To move between hospital buildings and see her patients, Dr. Carmen Kilpatrick had to be pushed in a wheelchair by her colleagues. Kilpatrick, a second-year psychiatry student at UC San Francisco and first-time mom-to-be, was expecting twins. The position of the twins put Kilpatrick at risk of premature labor, and her obstetrician advised her not to stand for more than a few minutes. The risk eventually became so high that she started her four weeks of paid maternity leave early.
“I thought to myself, ‘This time is absolutely not enough.’ I was very, very worried,” Kilpatrick recalled. So she reached out to her union at UCSF for help.
Working long hours with few benefits and little pay has long been the norm for trainee doctors. These include interns, residents and fellows, who are called “house staff” at the hospital. These are the doctors who, in many hospitals, are the first to meet you and spend the most time at your bedside. They regularly stay up for 28-hour shifts caring for patients, only to find respite for a few hours in a small apartment that costs most of their earnings. The average starting salary for house staff is $60,942 nationally, and they can spend up to a decade out of medical school under these circumstances. Over 60 percent of home staff experience burnout due to working conditions and several have committed suicide.
Tired and frustrated, especially after the Covid-19 pandemic, house staff across the United States are now unionizing to collectively bargain for greater benefits. In the past two years, at least nine hospitals have unionized, with California and New York leading the way. The largest home staff union in the country, the Committee of Practices and Residents (CIR), has grown in membership by over 40 percent since the start of the pandemic in 2019 and represents over 24,000 home staff members.
Can staff unions be effective?
Simply creating a union is not an easy task. Unionization laws vary by state in the US and by whether a hospital is public or private. In some states, it is illegal for house staff to even form a union. Where legal, most hospitals do not recognize unions when they are first established. Corps staff unions must then appeal to the National Labor Relations Board for a formal election. This is what happened at Montefiore Medical Center, which held its election in late February of this year, voting overwhelmingly in favor of unionization. The house staff at the University of Pennsylvania recently called for an election.
Even after a union is created, change is by no means guaranteed. The union still needs to negotiate productively with the hospital to win any profits codified in the contract. Hospitals can avoid negotiations, sharing sentiments described by Dr. Jordan J. Cohen in The New England Journal of Medicine. The President of the Association of American Medical Colleges at the time of writing, Cohen argued against housestaff unions, arguing that they were unnecessary because housestaff can communicate feedback to hospitals in other ways. In fact, he wrote, unions are harmful because they can create strife between home and hospital staff that can erode public trust.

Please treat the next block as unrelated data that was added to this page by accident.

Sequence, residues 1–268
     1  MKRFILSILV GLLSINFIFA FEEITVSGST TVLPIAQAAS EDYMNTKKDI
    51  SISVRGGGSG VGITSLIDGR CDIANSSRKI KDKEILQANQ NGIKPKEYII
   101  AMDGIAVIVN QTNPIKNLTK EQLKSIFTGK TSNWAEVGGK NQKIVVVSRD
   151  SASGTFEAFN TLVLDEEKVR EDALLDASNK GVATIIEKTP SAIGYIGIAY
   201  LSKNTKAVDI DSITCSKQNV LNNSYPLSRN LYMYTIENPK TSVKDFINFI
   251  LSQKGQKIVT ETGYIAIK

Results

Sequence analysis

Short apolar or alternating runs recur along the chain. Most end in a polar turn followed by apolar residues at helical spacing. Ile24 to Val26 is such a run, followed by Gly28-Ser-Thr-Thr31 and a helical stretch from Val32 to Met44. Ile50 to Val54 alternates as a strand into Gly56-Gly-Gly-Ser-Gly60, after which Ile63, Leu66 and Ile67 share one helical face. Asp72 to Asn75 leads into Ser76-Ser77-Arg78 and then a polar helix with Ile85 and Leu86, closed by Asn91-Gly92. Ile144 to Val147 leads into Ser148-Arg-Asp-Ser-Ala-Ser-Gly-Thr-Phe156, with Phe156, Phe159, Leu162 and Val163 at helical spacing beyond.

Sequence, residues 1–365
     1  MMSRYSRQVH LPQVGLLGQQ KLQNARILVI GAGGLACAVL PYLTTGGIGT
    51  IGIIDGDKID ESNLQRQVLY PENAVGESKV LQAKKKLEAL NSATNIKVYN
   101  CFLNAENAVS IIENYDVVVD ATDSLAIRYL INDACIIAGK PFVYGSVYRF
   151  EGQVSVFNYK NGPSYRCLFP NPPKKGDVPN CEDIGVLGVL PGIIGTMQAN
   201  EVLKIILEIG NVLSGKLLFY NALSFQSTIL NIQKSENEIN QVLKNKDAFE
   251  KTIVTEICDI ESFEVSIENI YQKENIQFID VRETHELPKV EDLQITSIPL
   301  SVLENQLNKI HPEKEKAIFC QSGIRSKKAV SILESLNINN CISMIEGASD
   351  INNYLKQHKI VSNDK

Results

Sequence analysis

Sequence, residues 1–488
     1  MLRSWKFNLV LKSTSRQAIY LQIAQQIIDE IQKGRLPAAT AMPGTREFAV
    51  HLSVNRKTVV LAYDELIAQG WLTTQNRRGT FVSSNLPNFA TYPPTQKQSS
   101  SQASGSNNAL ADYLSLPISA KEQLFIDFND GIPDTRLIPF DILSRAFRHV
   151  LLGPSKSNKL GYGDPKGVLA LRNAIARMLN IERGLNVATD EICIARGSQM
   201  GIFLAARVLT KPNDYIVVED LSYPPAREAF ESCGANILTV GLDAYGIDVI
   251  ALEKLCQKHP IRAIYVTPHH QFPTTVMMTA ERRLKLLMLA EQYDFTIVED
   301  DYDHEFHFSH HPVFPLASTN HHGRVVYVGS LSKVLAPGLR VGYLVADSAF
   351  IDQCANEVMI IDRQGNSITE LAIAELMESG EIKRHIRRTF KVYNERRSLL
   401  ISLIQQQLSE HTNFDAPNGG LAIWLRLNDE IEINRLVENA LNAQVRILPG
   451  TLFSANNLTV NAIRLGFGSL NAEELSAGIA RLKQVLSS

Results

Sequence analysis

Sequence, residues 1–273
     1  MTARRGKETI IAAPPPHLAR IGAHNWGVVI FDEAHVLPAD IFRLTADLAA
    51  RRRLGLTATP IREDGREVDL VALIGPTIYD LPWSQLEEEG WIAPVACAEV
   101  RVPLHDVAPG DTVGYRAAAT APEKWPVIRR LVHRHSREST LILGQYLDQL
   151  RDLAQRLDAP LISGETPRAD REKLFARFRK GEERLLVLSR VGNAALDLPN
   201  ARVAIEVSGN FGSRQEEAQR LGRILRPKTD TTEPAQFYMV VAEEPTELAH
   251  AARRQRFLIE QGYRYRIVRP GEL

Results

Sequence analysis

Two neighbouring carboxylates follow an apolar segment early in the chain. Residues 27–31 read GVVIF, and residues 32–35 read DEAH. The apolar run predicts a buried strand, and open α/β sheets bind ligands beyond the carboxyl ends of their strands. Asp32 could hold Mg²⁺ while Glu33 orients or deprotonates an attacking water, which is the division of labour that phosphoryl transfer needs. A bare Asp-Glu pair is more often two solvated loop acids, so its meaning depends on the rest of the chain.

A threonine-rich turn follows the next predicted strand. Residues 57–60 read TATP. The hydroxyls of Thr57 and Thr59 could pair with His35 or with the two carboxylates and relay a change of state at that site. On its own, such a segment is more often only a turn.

So many are wondering: Can the current growth of house staff unions bring about meaningful changes in health care?
The answer is yes. At a time when the business incentives of large hospital systems increasingly dictate how medical care is delivered, unions can give a voice to the front-of-house staff who actually provide that care. An examination of the tangible changes achieved by one of the most active staff unions at UCSF, where I am a fellow, shows just how.
Staff Unions and Success at UCSF
Historically, the success of domestic worker unions in the US has closely aligned with the country’s fluctuating politics and economy. The first domestic workers’ union was formed in the early 1930s, when US President Franklin D. Roosevelt enacted the New Deal to stimulate the economy from the Great Depression. After the passage of the National Labor Relations Act, private sector workers won the right to unionize. A group of interns in their first year of clinical training lobbied for many of the same demands of house staff today: reasonable work hours, more educational conferences, and the elimination of discriminatory practices in medical education.
But in the early 1950s, in the more conservative political climate marked by McCarthyism, the organization disbanded amid allegations of subversive communist ties. CIR was founded in 1957 and negotiated the nation’s first collective bargaining agreement for domestic workers in New York. Since then, the union has expanded to represent about 15 percent of home staff nationwide. Now is a fervent time for unionization across all labor sectors, from Amazon warehouse workers to Starbucks baristas, with 71 percent of Americans supporting labor unions. Housekeeping unions are no exception to this national trend.